What’s the Difference between Family Medicine and Internal Medicine?

09, May 2022

In recent years, the quantity of language utilized in healthcare and medicine has risen as a consequence of technological advances. 'Primary Care' refers to the initial line of defense while dealing with a non-emergency problem. These doctors are able to identify the root cause of the issue and then take the necessary steps to fix it. Specialized care is what you receive when the precise nature of the problem has been discovered and treatment must be given.

In primary care, Internal Medicine and Family Medicine are two more subcategories to consider. Doctors of Family Medicine and Internists (which is not the same as a medical student intern) are the medical professionals in question.

The Profile of the Population

Family physicians, in contrast to internists, see patients of all ages, including infants, growing children, adults, and the elderly, as previously said. Internists specialize in treating adults, often between the ages of 18 and 60. (geriatrics). Adults and the elderly make up the majority of their patient base, with children making up just 10 to 15 percent.

When it comes to having a family doctor, we've previously spoken about the advantages.

It's all about the Extras

There are a vast variety of disciplines and subspecialties that internists may specialize in, including infectious diseases, psychiatry, orthopedics and dermatology as well as sleep medicine, palliative care and more. This indicates that they are able to treat men and women of all ages and stages of life with equal efficacy. For that you can opt for an internal medicine doctor Melbourne Florida.


When it comes to treating patients of all ages with a wide variety of medical conditions, family physicians excel. The focus of their practice is on preventative medicine, and they are capable of performing a wide range of simple procedures, such as laceration repair, abscess drainage, removal of foreign bodies from the skin or the eyes, simple fracture care, joint injections, excision of skin lesions, diagnostic procedures, nerve blocks such as sigmoidoscopy or proctoscopy, simple gynaecological testing, such as pregnancy tests, and more.

The Training Plan

A residency program or further training is required for doctors after graduation. A three-year trial period is standard practice in the majority of countries across the world.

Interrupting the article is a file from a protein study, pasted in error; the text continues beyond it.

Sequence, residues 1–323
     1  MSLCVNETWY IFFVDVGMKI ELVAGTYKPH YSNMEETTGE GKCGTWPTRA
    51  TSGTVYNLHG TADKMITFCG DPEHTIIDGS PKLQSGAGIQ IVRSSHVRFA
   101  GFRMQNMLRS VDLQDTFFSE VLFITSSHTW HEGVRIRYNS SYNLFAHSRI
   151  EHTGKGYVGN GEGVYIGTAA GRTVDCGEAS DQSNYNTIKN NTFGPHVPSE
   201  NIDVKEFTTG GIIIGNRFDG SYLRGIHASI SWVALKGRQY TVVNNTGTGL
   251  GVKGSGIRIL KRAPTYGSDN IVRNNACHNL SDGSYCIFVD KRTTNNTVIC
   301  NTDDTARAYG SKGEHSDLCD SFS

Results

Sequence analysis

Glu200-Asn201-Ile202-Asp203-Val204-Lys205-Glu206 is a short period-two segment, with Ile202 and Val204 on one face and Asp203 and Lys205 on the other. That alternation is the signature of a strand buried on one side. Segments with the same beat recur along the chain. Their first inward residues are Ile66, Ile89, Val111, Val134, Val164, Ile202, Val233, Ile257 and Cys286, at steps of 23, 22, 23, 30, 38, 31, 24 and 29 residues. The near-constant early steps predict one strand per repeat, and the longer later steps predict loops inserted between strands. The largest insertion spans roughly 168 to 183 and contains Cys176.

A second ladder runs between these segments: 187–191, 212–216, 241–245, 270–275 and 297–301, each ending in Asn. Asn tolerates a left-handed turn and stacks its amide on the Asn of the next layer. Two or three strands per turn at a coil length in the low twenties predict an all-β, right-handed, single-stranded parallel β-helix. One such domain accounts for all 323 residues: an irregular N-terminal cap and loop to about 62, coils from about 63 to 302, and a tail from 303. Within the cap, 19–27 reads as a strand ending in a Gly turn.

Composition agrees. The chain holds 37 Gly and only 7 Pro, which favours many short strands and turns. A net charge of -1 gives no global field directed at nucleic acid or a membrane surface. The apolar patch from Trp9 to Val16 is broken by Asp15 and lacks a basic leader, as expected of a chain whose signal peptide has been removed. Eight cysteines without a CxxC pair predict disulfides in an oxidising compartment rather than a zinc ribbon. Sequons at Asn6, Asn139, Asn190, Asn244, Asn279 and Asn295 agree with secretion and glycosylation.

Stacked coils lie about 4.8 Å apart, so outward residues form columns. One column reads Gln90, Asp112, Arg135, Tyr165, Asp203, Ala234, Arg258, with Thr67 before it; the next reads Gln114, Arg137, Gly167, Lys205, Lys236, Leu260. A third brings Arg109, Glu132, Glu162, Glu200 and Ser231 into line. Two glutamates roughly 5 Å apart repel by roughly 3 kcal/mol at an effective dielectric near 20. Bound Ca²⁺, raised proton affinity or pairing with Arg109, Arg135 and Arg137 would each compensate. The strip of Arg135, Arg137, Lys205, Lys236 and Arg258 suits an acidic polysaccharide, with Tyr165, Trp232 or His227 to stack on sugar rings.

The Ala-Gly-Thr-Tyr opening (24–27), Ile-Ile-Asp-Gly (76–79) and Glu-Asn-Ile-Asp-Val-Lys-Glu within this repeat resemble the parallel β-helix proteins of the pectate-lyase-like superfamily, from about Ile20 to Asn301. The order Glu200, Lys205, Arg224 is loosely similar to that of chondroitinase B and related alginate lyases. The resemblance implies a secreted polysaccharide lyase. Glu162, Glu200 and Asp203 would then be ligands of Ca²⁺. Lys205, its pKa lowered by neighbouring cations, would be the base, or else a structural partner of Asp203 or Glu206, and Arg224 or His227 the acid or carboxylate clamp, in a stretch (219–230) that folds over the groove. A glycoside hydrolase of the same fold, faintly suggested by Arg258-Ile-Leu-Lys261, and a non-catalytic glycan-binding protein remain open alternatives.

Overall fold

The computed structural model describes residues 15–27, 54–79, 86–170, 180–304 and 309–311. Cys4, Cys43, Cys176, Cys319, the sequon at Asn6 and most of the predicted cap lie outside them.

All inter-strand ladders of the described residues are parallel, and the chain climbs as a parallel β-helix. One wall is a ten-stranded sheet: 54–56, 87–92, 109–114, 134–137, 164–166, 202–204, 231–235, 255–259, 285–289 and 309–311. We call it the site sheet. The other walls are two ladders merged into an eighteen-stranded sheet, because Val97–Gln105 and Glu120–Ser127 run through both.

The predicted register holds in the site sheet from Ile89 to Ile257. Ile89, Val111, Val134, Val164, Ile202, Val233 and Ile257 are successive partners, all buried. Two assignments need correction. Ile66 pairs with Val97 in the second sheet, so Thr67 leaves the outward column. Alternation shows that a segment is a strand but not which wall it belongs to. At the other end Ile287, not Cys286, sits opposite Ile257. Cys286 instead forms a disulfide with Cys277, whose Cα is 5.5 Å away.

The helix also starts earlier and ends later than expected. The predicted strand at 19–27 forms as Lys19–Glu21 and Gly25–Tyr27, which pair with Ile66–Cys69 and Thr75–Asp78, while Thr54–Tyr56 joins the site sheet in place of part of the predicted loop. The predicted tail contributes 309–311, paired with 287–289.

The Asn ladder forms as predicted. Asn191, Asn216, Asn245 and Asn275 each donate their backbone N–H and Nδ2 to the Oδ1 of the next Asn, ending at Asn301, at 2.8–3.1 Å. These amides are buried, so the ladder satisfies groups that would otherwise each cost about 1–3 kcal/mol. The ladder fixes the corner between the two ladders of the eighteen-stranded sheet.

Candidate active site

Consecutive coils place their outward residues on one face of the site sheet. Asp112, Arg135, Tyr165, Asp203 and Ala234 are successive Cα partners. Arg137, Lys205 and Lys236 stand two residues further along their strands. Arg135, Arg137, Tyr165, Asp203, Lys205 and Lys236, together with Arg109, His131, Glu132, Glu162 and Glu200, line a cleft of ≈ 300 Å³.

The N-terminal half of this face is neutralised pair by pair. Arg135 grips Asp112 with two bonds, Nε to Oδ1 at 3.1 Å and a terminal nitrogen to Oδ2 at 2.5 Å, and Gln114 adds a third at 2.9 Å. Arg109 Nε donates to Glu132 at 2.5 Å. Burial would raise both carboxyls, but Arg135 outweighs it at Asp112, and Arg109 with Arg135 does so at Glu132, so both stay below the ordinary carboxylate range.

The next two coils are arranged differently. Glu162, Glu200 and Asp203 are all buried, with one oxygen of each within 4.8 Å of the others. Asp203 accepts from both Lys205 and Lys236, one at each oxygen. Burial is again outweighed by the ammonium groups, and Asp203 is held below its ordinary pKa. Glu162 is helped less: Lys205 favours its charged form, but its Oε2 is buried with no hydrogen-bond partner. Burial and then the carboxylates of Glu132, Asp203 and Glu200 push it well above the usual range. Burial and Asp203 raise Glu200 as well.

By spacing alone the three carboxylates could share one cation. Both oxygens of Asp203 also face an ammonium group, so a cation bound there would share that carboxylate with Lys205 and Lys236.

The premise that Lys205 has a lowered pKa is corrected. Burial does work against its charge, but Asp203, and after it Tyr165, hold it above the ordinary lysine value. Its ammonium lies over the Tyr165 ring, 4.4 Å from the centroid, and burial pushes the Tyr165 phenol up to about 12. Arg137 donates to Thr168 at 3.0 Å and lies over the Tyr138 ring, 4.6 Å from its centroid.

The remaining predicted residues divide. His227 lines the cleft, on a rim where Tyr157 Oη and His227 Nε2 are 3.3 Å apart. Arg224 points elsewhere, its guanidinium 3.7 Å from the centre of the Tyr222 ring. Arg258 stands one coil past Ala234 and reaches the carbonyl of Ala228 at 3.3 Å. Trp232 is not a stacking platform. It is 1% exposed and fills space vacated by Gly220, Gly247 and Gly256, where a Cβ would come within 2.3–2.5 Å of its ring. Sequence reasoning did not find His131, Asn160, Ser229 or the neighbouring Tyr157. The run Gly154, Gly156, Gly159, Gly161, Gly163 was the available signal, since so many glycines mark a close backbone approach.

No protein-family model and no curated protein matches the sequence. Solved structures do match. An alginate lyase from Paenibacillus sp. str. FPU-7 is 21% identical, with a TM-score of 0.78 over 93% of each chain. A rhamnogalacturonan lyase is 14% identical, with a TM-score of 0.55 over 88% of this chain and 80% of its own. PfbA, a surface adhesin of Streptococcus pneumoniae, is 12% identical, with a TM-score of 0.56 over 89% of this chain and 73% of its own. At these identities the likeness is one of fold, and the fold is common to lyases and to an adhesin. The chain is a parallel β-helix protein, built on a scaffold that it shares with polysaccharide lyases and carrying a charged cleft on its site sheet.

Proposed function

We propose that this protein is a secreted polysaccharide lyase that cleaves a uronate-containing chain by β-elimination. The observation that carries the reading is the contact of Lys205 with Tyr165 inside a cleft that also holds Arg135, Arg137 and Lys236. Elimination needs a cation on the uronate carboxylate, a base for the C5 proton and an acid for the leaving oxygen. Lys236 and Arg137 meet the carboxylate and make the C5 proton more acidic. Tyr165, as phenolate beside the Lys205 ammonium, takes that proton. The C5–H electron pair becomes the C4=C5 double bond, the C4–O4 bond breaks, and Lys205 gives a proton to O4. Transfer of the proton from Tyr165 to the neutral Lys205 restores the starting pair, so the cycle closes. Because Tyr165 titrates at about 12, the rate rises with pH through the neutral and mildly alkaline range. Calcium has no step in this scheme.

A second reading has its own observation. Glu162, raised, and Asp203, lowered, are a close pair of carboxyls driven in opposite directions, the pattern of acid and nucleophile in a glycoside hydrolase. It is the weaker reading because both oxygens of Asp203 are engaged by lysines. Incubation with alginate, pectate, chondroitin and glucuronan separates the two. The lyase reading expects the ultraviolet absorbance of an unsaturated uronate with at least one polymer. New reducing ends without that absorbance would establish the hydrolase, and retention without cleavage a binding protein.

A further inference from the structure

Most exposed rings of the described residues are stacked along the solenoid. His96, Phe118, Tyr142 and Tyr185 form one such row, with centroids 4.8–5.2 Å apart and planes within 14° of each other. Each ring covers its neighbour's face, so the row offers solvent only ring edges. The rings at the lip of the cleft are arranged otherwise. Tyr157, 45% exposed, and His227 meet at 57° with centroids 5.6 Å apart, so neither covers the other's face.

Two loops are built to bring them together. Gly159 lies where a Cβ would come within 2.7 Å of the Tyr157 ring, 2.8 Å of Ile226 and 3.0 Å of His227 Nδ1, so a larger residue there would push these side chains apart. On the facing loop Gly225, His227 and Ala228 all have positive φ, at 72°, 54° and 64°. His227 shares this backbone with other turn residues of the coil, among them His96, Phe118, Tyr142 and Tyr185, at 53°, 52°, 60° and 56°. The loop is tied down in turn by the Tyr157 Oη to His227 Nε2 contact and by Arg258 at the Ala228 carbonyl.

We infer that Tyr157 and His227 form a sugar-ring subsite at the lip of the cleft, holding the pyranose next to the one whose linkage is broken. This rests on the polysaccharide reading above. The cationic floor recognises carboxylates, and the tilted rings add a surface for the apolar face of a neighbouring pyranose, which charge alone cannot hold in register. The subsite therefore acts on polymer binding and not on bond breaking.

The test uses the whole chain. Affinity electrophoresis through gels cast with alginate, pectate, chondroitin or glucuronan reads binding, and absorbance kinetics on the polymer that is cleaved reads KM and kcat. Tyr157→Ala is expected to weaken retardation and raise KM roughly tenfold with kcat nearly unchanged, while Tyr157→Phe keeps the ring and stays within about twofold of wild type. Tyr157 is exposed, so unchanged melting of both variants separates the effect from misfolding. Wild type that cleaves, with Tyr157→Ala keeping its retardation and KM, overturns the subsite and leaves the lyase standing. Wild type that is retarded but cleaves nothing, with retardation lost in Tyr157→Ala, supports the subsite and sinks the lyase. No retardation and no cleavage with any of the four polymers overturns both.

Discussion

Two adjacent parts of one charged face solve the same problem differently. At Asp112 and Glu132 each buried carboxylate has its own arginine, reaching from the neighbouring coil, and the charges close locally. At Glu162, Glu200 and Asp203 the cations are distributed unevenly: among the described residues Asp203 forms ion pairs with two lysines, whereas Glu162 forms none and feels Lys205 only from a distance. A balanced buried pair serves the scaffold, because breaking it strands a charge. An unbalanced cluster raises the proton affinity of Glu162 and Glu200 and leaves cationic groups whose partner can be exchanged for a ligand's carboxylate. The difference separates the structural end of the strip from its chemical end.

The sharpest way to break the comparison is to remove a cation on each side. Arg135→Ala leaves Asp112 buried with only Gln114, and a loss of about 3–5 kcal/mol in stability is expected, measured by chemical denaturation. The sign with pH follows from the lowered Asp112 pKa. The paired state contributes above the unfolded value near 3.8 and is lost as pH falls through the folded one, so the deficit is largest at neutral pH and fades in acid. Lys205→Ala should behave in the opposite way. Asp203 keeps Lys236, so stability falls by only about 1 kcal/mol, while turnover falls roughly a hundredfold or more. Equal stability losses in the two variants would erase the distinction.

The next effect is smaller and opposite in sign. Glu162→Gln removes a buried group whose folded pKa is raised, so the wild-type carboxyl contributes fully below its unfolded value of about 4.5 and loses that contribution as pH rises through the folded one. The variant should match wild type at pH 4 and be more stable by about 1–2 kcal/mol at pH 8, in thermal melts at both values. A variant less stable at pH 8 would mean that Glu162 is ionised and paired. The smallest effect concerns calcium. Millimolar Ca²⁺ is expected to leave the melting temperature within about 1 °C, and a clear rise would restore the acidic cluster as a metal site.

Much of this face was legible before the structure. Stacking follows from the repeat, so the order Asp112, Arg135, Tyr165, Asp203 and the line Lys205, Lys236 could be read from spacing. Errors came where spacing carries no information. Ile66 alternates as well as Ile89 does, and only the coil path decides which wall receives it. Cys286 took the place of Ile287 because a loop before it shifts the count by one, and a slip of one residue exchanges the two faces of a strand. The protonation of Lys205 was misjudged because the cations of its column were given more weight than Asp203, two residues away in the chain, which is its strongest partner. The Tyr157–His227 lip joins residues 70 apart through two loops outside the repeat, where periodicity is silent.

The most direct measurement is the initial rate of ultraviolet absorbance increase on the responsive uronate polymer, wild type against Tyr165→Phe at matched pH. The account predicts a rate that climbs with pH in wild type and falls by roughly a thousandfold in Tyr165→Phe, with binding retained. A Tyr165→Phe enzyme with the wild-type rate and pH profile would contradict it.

Critical care, emergency medicine, and medical subspecialty care are all areas in which internal medicine residents get considerable training throughout their time in residency. For a least of three years, they must offer care to patients who are hospitalized or in-patients. In contrast, before being qualified to practice, family practice residents complete a year of in-patient training equivalent to that of internists.

The Aspects of Context

Hospitals are the primary setting for internists to provide in-patient treatment both during and after their training. They must also adhere to a rigid schedule and be available to answer hospital calls at all hours of the day or night.

In contrast to this, Family Physicians spend the bulk of their training and careers doing outpatient procedures in an office or small clinic setting. In no charge, they may even visit patients at their homes.


The choice between the two fields of Primary Healthcare described above is a matter of personal taste for medical students.

When it comes to treatment, patients and their loved ones have a clear set of alternatives. Even if the treatment is straightforward, your primary care physician will treat you and then send you to a suitable expert if the problem is more complicated. Consider getting a primary care physician. 


Providing Quality Medical Care

Dr. Sue Mitra and her staff strive to offer their patients the best care, advice and services available in the medical field with the goal to keep patient healthy & happy.